G2-M phase checkpoint

The complex series of cellular changes during mitosis are mediated by the phosphorylation of certain macromolecules at the onset of mitosis-for example, laminin (to dissolve the nuclear membrane), histones (involved in chromosomal condensation) and microtubules (leading to the formation of the mitotic spindle). The phosphorylation of these molecules is regulated by another cyclin-Cdk complex (cyclin B-Cdc2p34, itself regulated by signals derived from DNA damage and DNA synthesis. This complex is also thought to arrest membrane trafficking, allowing approximately equal redistribution of organelles to daughter cells at the end of mitosis.


The process of differentiation requires a cell to exit the cell cycle, a path which occurs when some cells are deprived of growth factor stimulation. Integration of signals in different cells—some maintained as self-renewing stem cells, others undergoing terminal differentiation—is the essence of development, in which the lineage of a particular cell, as well as the environmental signals which it receives, plays a crucial role in shaping its ultimate fate.

For example, in undifferentiated cells two sets of transcription factors, the MyoD gene family (including myogenin and MyoD itself) and the myocyte enhancer factor (MEF) 2 family, are inhibited by a large number of proteins including helix-loop-helix proteins, regulators of cell cycle progression, and regulators promoting non-muscle cell fates. Myocyte differentiation requires the activation of the MyoD and MEF2 proteins to establish the cell as a muscle cell precursor, ultimately inducing the transcription of muscle-specific genes such as myosin and actin.

Programmed cell death (apoptosis)

Apoptosis refers to the morphological characteristics of cells undergoing programmed cell death, an alternative result of a withdrawal from the cell cycle. Cell types which depend upon continued growth factor stimulation for survival will undergo apoptosis if they are deprived of growth factors, a process again mediated in part by regulation of cyclin-Cdk complexes. Usually this occurs at the critical GI-S phase transition, but some cells such as thymocytes can undergo apoptosis anywhere in the cell cycle. Additional causes of apoptosis include signals of continued DNA damage, or inflammatory-related stimuli, to be discussed.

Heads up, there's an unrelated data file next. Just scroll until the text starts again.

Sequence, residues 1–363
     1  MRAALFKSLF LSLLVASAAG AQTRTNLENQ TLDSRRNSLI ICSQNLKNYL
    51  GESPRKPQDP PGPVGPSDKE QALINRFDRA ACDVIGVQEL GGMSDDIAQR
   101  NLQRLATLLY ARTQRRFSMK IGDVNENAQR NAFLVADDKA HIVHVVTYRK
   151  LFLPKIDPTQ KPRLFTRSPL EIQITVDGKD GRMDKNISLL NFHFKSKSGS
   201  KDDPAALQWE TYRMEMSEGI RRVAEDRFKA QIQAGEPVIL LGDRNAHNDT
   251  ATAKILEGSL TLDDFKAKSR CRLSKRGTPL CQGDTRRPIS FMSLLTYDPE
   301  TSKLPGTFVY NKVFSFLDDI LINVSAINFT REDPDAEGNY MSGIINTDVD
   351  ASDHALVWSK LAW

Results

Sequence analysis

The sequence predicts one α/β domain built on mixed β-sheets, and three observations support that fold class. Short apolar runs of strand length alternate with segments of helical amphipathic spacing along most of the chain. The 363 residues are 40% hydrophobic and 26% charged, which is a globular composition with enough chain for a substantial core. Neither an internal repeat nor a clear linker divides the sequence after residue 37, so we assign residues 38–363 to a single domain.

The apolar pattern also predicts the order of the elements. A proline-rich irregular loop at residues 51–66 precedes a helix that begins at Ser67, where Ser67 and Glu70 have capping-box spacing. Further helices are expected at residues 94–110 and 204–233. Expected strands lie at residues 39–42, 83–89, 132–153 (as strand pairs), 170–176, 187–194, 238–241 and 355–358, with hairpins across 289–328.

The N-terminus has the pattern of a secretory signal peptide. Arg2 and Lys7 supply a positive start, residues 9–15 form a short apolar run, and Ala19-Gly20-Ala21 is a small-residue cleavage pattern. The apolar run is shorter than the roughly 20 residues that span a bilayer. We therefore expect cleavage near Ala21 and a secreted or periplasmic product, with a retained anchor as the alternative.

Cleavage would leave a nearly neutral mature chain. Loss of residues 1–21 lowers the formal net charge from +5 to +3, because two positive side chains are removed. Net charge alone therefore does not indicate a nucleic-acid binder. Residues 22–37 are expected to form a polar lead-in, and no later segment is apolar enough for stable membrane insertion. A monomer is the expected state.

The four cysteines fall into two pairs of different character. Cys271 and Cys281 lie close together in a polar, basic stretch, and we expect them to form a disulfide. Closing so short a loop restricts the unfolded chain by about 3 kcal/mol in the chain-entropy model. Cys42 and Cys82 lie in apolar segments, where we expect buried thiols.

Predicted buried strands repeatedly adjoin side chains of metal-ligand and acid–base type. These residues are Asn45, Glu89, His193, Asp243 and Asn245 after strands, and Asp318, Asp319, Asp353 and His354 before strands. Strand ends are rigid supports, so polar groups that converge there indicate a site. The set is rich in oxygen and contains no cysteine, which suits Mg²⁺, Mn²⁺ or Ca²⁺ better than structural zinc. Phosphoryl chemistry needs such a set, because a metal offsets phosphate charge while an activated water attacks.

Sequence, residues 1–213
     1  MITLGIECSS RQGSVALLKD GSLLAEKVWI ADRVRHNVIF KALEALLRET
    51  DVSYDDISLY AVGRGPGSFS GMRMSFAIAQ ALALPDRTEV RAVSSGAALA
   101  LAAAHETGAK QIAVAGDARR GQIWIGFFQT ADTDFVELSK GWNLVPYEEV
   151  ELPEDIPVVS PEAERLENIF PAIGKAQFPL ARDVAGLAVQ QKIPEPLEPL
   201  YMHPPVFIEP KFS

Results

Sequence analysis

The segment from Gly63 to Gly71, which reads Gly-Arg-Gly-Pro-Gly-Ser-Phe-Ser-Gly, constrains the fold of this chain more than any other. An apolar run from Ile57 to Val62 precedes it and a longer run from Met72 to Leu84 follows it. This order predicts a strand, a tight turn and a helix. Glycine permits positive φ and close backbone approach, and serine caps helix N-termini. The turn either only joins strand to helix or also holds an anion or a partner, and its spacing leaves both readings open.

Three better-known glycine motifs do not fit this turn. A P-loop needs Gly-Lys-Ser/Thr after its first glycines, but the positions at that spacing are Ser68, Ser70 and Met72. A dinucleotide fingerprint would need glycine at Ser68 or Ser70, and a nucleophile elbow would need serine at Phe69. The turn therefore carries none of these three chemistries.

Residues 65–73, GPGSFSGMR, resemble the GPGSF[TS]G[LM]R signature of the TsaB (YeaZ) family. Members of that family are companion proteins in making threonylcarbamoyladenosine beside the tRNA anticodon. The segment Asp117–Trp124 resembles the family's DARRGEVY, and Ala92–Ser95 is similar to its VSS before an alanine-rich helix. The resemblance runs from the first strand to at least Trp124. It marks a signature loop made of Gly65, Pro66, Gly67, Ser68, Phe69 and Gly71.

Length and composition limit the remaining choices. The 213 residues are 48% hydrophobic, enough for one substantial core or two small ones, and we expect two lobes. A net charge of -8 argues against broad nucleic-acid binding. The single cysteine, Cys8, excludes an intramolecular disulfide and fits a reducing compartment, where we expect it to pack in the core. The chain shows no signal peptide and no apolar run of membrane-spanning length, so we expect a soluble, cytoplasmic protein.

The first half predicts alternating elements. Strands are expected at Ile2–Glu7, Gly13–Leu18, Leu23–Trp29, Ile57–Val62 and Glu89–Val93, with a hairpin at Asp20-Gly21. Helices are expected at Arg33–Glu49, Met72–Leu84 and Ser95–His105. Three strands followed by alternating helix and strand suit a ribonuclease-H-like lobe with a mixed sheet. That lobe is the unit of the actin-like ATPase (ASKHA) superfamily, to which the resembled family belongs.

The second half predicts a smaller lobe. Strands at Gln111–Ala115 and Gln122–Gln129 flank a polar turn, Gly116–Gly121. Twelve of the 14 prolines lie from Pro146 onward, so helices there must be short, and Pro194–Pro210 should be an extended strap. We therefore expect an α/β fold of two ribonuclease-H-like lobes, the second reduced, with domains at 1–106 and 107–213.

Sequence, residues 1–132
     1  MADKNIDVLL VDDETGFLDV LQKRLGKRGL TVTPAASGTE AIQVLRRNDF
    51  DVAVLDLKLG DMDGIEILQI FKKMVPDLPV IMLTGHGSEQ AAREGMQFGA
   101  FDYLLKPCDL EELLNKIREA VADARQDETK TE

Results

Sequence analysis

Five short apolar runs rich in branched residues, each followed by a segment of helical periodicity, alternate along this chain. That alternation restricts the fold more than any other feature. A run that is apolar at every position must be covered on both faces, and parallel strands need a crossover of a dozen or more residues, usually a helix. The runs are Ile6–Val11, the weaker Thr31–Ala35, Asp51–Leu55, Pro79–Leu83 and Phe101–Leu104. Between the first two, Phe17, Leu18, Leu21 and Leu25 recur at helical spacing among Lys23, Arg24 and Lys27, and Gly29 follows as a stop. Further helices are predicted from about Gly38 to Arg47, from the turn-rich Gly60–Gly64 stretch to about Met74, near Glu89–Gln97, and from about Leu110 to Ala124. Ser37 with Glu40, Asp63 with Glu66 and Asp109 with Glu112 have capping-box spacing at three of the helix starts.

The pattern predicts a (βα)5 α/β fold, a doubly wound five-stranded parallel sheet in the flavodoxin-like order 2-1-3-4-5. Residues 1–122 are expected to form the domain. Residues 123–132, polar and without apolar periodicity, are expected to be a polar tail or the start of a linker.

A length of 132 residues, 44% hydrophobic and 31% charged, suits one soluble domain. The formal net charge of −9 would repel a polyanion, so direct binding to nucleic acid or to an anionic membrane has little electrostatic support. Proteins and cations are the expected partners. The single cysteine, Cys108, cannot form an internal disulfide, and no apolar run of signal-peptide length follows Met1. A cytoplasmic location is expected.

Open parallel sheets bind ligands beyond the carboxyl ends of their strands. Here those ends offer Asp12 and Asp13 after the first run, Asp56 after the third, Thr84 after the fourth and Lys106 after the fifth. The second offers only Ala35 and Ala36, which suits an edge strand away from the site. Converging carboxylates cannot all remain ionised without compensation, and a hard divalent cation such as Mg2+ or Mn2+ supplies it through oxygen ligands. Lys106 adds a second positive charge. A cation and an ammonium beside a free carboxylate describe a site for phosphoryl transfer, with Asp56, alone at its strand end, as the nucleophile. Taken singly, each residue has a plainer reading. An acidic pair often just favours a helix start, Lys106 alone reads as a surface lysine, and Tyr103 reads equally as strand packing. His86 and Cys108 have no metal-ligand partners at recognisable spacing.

Programmed cell death occurs in three molecular phases: an initiation event (which is cell-type and stimulus specific), an effector stage when molecules of the Bcl-2 family act as opposing death agonists (e.g. Bax) and antagonists (e.g. Bcl-2) to interact with other apoptosis factors, ultimately activating a cascade of caspases leading to the degradation phase. Apoptosis is of crucial importance in regulating cell numbers without subjecting local tissues to damaging cellular enzymes and contents, since apoptotic cells are engulfed by local macrophages and do not discharge their contents to the exterior.